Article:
Swaggy: The Return

The Lakers history and Nick Young’s history is a study in contrasts. The local kid who loved to score the ball and promote himself and who was good for television ratings was celebrated. At the same time, he was the organizational piece the Lakers spent all off-season trying to package to the lowest bidder. The market bottomed out for Young in 2015 as he had little value considering he was one-dimensional and proud of it. One year later, the Lakers spent the offseason in 2016 trying to trade him again to the same shut doors, and even floated around the idea of waiving him by way of the stretch provision. If Swaggy lasted through Luke Walton’s training camp, the thinking went, that would have been a surprise- or miracle, take your pick- since he had one foot in the door and one foot out, so much in limbo. But Young shocked himself and everyone else by impressing new coach Luke Walton with his willingness and dedication.

It was that willingness and dedication that convinced Steve Kerr that Nick Young could fit in with his cohesive group of champions who hold each other accountable, something Nick Young has flirted with his whole career but has never taken seriously. His first time back in his hometown, to face the team he loved playing for, he is promising extraordinary things. It’s the Swaggy way.

In 2016-17, Nick Young had the best season of his career doing what Swaggy was born to do: shooting the ball. He  was the 17th ranked shooting guard (Real Plus-Minus). It was a rejuvenated Nick Young year, even as he sat many games after the All-Star break because D’Angelo Russell was showcased as the shooting guard, which signaled the Nick Young experiment and experience was just about over.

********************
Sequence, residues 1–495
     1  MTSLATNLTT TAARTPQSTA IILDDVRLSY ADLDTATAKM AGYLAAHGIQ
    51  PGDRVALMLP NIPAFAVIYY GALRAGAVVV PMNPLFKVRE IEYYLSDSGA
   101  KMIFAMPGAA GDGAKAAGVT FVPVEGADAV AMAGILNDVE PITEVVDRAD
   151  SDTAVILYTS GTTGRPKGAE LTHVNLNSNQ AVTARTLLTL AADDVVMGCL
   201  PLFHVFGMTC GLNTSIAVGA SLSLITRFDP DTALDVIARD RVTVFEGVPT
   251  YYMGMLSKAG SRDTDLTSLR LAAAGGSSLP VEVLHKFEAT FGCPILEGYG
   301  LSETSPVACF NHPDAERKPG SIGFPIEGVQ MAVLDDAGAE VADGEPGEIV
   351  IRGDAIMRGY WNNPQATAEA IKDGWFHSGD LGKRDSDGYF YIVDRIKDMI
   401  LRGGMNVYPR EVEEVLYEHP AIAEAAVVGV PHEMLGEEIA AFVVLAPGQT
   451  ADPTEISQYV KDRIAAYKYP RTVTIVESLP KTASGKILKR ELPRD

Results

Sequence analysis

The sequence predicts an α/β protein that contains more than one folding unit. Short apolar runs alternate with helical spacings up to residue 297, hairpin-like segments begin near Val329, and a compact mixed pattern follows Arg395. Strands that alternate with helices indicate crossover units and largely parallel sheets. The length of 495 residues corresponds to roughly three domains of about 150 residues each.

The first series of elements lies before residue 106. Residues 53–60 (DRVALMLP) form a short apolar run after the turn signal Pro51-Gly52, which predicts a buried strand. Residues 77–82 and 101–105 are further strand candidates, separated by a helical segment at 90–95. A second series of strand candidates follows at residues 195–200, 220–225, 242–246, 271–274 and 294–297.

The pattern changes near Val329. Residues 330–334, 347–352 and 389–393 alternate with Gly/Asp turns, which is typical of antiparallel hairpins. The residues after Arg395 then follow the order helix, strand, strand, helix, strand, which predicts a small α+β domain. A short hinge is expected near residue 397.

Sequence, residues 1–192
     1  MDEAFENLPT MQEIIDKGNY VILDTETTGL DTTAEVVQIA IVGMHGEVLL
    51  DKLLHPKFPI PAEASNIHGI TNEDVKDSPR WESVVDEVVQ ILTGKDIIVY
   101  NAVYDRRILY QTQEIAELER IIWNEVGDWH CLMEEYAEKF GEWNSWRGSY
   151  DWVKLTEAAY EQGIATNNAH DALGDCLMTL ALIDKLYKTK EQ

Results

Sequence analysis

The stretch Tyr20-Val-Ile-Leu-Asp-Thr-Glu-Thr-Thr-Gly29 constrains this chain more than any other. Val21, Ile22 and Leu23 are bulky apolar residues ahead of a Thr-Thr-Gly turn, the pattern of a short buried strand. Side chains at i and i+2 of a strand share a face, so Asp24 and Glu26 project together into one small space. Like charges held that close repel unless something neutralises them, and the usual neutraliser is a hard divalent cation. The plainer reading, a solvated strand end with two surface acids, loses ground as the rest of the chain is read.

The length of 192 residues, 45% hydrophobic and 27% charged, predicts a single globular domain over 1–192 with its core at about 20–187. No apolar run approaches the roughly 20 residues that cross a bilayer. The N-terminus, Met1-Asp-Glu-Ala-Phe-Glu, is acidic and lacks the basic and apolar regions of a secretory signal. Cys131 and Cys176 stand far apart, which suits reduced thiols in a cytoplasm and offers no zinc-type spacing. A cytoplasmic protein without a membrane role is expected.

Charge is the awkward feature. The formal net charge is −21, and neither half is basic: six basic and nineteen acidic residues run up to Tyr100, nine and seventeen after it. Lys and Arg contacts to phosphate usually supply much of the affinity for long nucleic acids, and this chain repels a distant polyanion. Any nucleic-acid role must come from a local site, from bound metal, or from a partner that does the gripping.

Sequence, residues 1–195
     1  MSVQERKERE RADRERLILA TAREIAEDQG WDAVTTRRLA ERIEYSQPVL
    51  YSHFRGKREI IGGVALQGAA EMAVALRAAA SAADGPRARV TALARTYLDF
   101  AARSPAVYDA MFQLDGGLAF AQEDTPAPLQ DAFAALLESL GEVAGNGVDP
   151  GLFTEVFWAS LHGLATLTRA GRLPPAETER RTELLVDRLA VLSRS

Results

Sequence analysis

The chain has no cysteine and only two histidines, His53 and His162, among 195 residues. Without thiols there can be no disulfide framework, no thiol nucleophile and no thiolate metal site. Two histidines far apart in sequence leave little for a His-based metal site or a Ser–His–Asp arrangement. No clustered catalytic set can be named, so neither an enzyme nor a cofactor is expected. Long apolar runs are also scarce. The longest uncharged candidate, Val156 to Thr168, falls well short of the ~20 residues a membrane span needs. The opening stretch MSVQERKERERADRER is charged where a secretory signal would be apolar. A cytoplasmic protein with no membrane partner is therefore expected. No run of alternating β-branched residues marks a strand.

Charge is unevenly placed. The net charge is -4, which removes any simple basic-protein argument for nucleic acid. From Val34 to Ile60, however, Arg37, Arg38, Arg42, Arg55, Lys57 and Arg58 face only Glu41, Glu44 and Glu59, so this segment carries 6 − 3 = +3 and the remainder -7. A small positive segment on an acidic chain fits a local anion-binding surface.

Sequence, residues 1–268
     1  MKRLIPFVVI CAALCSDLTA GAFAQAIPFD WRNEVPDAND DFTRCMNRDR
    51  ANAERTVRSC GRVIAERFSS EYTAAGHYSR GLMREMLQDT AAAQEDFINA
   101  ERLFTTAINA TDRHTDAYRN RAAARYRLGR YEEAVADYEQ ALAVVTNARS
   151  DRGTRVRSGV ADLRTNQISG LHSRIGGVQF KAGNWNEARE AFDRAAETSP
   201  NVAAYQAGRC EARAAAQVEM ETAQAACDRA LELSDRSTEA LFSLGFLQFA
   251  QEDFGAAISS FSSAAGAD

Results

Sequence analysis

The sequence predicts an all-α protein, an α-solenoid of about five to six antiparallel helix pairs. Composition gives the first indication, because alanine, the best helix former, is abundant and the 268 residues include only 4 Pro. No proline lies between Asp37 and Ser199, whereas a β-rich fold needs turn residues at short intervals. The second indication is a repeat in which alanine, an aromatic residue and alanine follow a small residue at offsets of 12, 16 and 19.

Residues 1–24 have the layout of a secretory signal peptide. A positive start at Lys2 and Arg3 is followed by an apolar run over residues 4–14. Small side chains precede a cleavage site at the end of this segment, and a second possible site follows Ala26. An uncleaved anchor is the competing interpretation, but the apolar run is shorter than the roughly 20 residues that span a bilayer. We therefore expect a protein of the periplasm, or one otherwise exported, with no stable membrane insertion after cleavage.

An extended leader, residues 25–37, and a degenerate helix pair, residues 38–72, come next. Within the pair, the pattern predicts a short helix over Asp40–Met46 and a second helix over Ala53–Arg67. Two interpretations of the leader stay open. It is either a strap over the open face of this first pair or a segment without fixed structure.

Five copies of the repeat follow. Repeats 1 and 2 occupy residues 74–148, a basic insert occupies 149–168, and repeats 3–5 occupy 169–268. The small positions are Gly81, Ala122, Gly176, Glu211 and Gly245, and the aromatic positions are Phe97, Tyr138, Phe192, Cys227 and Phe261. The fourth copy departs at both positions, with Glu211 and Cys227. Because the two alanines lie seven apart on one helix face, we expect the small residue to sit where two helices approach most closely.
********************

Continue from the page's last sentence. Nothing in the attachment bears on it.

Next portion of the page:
Young opted-out his deal which left room for someone else, perhaps someone whose defensive rating was better than 114. (With the Lakers, Young’s defensive rating was 115.) The Nick Young replacement, Kentavious Caldwell-Pope, had no such defensive holes. His lowest defensive rating was 111 and that was his rookie year. In effect, the Lakers replaced the offensive heroic Young with the versatile and defensive Caldwell-Pope.  Caldwell-Pope has a different understanding of the NBA game. Unlike Young, he’s a basketball player more than he is an entertainer, caring about pick and rolls and points off of turnovers more than he does the lights and flash and Twitter beefs.

It is not to subtract anything from Young who accepts his identity with a flourish. It is why the Lakers signed him.  Young was a show piece and filler until the Lakers could get serious about the NBA. The Lakers made this Nick Young bargain with eyes wide open. Entertain us. We’ll indulge you.  It didn’t matter that the rest of the league smirked at Swaggy being Swaggy while the Lakers remained confused and stuck in the sand. It was profitable and filled the entertainment void.